EU future at stake in make-or-break election, Greek PM Alex Tsipras says
Greece's leader has argued that the 2019 EU parliamentary elections are not just a run-of-the-mill vote. With members at odds over migration, Brexit and rising right-wing populism, Europe's soul depends on the outcome.
European nations must stand together to fight extremism and avoid sliding back into the past, Greek Prime Minister Alexis Tsipras told EU parliamentarians in Strasbourg on Tuesday as he looked to the upcoming EU elections in 2019.
The politician from the left-wing Syriza party, who had been invited to the EU parliament to speak about the future of Europe, described next year's vote as "more than just one more election."
"It will be a fight of basic principles and values to defeat extreme neo-liberalism and far-right populism," the Greek leader said. He called on the bloc's pro-European and democratic forces to unite and "stand side by side on the same side of history."
The European Union currently faces a broad range of challenges, including migration management, the UK's departure from the bloc, and the rise of right-wing populism, which have led to internal disagreement among its 28-member states and could significantly impact its future direction.
New asylum measures needed
Tspiras' speech took place the day before European Commission President Jean-Claude Juncker will deliver his State of the Union address to the same parliament. Juncker is expected to address migration policy, such as by proposing to strengthen the EU's external borders.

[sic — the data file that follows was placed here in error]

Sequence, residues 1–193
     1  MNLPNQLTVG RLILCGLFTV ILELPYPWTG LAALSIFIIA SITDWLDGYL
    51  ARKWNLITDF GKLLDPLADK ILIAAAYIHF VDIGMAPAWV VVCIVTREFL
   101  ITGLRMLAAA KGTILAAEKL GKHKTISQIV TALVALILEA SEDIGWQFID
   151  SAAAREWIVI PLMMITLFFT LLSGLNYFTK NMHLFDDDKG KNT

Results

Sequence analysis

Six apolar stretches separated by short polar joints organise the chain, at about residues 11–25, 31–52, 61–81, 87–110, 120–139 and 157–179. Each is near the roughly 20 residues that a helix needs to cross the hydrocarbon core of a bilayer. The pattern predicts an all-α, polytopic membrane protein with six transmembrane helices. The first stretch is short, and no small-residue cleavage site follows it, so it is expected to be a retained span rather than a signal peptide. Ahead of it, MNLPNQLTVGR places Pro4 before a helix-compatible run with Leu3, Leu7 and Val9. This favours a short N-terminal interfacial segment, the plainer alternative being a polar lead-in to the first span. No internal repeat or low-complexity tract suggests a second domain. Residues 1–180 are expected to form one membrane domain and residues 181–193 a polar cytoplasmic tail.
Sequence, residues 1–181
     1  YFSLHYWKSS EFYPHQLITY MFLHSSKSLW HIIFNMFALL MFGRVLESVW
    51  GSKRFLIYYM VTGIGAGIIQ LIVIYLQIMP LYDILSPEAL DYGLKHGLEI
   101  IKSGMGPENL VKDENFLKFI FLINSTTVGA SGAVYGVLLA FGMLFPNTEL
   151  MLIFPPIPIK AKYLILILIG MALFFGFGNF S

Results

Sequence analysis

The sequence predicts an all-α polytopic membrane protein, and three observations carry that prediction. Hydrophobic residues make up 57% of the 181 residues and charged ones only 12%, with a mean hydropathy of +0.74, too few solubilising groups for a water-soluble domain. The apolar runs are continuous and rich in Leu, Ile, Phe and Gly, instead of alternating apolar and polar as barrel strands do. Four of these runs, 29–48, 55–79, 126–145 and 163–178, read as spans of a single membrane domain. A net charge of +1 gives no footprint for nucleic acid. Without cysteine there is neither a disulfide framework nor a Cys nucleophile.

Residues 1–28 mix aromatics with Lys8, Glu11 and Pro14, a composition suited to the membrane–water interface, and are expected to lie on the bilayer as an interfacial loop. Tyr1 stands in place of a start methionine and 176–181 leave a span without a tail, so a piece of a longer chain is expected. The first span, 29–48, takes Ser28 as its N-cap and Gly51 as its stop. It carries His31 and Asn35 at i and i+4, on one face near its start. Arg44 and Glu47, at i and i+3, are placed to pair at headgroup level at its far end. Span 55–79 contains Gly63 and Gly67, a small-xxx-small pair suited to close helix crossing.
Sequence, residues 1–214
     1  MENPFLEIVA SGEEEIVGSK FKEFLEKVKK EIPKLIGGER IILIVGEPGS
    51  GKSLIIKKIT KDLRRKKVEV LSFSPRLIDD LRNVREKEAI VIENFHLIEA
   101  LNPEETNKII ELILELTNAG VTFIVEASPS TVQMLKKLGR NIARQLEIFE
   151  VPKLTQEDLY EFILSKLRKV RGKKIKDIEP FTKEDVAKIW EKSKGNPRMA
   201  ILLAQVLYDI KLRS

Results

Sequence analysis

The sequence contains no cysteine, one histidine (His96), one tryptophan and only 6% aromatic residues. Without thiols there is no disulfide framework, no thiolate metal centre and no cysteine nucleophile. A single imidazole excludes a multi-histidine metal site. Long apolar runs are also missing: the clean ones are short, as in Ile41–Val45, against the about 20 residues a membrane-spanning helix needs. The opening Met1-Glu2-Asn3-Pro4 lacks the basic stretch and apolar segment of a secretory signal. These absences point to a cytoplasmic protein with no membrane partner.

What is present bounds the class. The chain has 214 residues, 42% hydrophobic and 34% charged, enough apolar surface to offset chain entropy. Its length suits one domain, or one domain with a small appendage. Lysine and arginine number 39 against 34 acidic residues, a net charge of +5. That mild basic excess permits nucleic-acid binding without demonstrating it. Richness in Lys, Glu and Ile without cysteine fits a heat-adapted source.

Conservatives and populist governing coalitions in Austria, Italy and many other central European countries have pushed for closing Europe's borders while other nations have called for greater solidarity and redistribution of asylum-seekers.
At the height of migration flows in 2015, Greece had been the landing point for hundreds of thousands of refugees. On Tuesday Tsipras called for reforms to the EU asylum system while underscoring that his country had done what it could to manage refugee flows within the framework of international law.
Greece: An economic example
The Greek premier also said that his nation could serve as an example for others in how it dealt with its economic crisis without succumbing to extremism.
"Greece is no longer part of the problem but rather part of the solution," Tsipras said.
"Very few believed we could pull it off, but we pulled it off," he added, referring to the country's adherence to painful economic constraints imposed by eurozone and international creditors."
While Tsipras highlighted falling Greek unemployment and rising growth, the country's economy situation remains precarious. The prime minister promised to continue undertaking economic reforms and keeping national finances stable.
But at the same time he spoke proudly of fulfilling EU financial requirements, he accused the bloc's "fetish for neoliberal" austerity policy of fueling the rise of right-wing populism across Europe.
He called for the EU to deliver more democratic and social reforms to its citizens.
Tsipras was invited to speak before the EU parliament as part of a pre-election initiative whereby heads of government share their visions for the future of Europe. Previously, leaders from France, Luxembourg and Ireland have addressed the assembly. Germany's Angela Merkel is expected to speak there in the fall.
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cmb/kms (dpa, AFP)
Bernd Riegert in Strasbourg contributed reporting for this article.
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